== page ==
“Am I A Buddhist?”

by Oh Teik Bin, The Buddhist Channel, May 17, 2020

Teluk Intan, Perak (Malaysia) -- Many people declare themselves to be ‘Buddhists’ when in actual fact they do not know what being Buddhists actually means. Today we still see so many different ‘Brands’ of “Buddhists”. Let us look at them and do some reflection.

The ‘Burning' Buddhist
You see quite a number of such “Buddhists” … they burn bundles of joss sticks, joss paper and other paper paraphernalia at home, in Buddhist Associations and even Buddhist temples. Poor Mother Earth! She is choking and suffering and our environment gets more and more polluted. Talk about wise, wholesome and good Kammic actions!  When will such “Buddhists” ever learn that the ‘gods will not be appeased’ (and we don’t get peace within and without)  through a ‘combustion reaction’? We need to conquer the Devils of Greed, Hatred and Delusion.

The  ‘Wesak' Buddhist
These ‘once a year’ “Wesak (Vesak/Buddha Day/Purnima Buddha) Buddhists” throng Buddhist associations and temples on Wesak Day carrying out so many deluded practices. They perform many meaningless rituals, have their fortunes read, their amulets and talismans blessed, rush for free Dana food (the “Hungry Ghost” Realm is very real!) and “Holy Water”. They make supplication to the Buddha, asking for all sorts of favors with promises to do certain things if their material wishes are granted. Poor Buddha! He must be very tired listening to the “bargains” of these “Wesak Buddhists”.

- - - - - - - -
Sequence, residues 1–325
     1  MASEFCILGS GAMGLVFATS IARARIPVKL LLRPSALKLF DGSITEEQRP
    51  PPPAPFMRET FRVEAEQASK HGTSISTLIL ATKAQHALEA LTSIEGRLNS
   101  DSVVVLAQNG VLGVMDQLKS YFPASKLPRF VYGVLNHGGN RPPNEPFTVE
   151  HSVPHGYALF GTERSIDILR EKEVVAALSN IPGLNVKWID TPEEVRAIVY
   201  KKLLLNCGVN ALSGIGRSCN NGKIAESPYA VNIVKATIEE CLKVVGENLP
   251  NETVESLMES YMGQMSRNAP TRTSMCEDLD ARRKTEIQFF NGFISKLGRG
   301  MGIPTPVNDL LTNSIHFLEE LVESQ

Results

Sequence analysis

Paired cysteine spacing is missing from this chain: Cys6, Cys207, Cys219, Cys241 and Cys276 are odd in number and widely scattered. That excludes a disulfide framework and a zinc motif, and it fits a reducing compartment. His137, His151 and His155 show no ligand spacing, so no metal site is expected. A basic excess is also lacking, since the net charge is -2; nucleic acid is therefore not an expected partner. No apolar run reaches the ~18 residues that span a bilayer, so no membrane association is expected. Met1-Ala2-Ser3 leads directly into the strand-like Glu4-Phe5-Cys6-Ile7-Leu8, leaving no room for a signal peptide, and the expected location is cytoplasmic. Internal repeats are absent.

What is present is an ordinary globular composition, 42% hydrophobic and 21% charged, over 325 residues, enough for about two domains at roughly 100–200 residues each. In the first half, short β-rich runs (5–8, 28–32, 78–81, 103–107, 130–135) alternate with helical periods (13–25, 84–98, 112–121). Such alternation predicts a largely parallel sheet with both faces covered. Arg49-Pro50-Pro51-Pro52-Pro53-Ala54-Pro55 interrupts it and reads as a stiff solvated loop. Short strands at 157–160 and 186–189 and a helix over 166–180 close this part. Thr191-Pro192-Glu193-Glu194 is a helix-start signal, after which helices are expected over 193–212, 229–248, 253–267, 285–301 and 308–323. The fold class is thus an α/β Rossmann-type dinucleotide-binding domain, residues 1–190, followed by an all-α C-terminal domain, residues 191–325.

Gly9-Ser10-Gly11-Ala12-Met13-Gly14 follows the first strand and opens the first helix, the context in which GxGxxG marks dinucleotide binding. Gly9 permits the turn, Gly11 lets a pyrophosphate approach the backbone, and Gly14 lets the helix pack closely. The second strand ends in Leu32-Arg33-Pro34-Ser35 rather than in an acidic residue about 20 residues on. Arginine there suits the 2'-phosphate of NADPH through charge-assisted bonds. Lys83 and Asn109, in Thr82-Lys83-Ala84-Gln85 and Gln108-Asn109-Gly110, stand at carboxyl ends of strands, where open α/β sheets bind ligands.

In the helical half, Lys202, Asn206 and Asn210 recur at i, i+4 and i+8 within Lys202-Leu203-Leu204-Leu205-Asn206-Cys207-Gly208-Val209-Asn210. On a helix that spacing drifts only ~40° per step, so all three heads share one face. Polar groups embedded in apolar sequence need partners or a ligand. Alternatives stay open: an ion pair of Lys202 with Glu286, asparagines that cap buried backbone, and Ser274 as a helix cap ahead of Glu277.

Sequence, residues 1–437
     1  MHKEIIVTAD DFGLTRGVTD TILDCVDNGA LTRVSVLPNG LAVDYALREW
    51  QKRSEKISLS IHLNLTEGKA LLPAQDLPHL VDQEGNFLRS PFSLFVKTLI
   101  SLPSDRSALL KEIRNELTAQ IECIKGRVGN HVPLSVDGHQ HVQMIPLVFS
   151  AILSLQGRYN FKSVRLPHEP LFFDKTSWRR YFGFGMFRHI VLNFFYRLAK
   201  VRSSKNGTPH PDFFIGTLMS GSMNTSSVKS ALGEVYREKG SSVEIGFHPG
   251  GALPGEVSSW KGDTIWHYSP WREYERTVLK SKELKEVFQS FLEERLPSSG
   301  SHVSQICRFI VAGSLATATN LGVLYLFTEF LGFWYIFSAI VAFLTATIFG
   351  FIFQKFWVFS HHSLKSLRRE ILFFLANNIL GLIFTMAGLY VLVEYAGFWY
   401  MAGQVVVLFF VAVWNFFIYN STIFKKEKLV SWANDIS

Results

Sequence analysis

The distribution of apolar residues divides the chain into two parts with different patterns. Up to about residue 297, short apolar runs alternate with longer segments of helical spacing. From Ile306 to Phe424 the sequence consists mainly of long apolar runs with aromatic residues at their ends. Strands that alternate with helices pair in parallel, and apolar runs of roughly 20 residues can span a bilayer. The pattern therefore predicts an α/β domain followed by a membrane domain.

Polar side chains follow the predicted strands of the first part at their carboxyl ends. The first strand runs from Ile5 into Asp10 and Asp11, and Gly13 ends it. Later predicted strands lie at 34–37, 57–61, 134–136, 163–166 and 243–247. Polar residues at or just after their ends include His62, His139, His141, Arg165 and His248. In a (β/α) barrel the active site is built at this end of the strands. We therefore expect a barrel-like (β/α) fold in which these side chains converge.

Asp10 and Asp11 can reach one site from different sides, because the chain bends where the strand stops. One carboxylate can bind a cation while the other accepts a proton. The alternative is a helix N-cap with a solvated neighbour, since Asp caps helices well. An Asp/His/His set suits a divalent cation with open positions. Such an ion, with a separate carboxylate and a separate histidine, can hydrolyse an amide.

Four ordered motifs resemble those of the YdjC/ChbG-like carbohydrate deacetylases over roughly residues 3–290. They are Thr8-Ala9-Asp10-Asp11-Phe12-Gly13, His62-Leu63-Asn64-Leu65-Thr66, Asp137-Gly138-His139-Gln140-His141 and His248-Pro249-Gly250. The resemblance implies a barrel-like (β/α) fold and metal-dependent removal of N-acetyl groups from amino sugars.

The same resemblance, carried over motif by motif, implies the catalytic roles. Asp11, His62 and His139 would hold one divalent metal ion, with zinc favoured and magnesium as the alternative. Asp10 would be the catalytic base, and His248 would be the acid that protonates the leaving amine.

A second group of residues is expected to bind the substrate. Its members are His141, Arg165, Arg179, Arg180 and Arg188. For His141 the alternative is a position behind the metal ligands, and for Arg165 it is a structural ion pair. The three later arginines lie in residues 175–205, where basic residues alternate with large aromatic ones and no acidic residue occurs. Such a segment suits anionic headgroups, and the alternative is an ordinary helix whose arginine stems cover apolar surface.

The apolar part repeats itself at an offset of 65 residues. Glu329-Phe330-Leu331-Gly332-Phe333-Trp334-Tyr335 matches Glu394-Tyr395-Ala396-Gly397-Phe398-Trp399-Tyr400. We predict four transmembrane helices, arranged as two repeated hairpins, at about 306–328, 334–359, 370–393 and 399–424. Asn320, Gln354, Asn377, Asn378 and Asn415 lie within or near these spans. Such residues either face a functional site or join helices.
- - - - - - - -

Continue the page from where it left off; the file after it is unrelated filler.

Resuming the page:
The  ‘Intellectual' Buddhist
I have come across many friends who are like “Walking Encyclopedias” when it comes to ‘intellectual Dhamma’. They devour one Dhamma book after another, listen to many Dhamma speakers, tapes and compact discs but alas all these remain at the intellectual level. The Dhamma is not practiced and actualized. Such intellectual Buddhists still cling on to their negative traits and habits. Talk about the practice of Dana … ha, now we understand partly why so many Buddhist organizations lack volunteer workers for Dhammaduta work. We have too many “intellectual Buddhists” walking around!

The  ‘Ceremonies’  Buddhist
We can see such Buddhists in some Buddhist temples and associations. They are caught up in lots of devotional rites, rituals and ceremonies the whole year long. So much of their time and energies are sapped indulging in unnecessary rites and rituals. When will they ever learn, understand, practice and realize the Sublime Teachings of the Buddha?  Unless and until they do, the defilements will remain or even multiply. We do not deny the role of a certain degree of devotional Buddhism but beware…rites and rituals can bind us more and more to the Wheel of Samsara.

The ‘Social' Buddhist
There are Buddhists who are particularly active when it comes to socializing and fun activities. Of course, we need good Buddhist fellowships, excursions, tours and other healthy recreational activities. But beware! Our primary aim in being a Buddhist is to learn, understand and practice the Dhamma, to seek and realize Enlightenment. ‘Social’ Buddhists sometimes frequent Buddhist temples, Buddhist societies and associations with ulterior motives.  They may be looking for potential life partners or have a hidden business or political agenda.  The Dhamma takes backstage.